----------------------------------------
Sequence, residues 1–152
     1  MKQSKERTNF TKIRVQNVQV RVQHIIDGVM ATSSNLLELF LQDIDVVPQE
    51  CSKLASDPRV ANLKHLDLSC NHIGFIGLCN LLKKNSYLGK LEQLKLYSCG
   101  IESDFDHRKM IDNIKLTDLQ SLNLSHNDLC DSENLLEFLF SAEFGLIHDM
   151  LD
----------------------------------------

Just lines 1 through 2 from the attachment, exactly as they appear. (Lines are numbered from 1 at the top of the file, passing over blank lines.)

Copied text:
Sequence, residues 1–152
     1  MKQSKERTNF TKIRVQNVQV RVQHIIDGVM ATSSNLLELF LQDIDVVPQE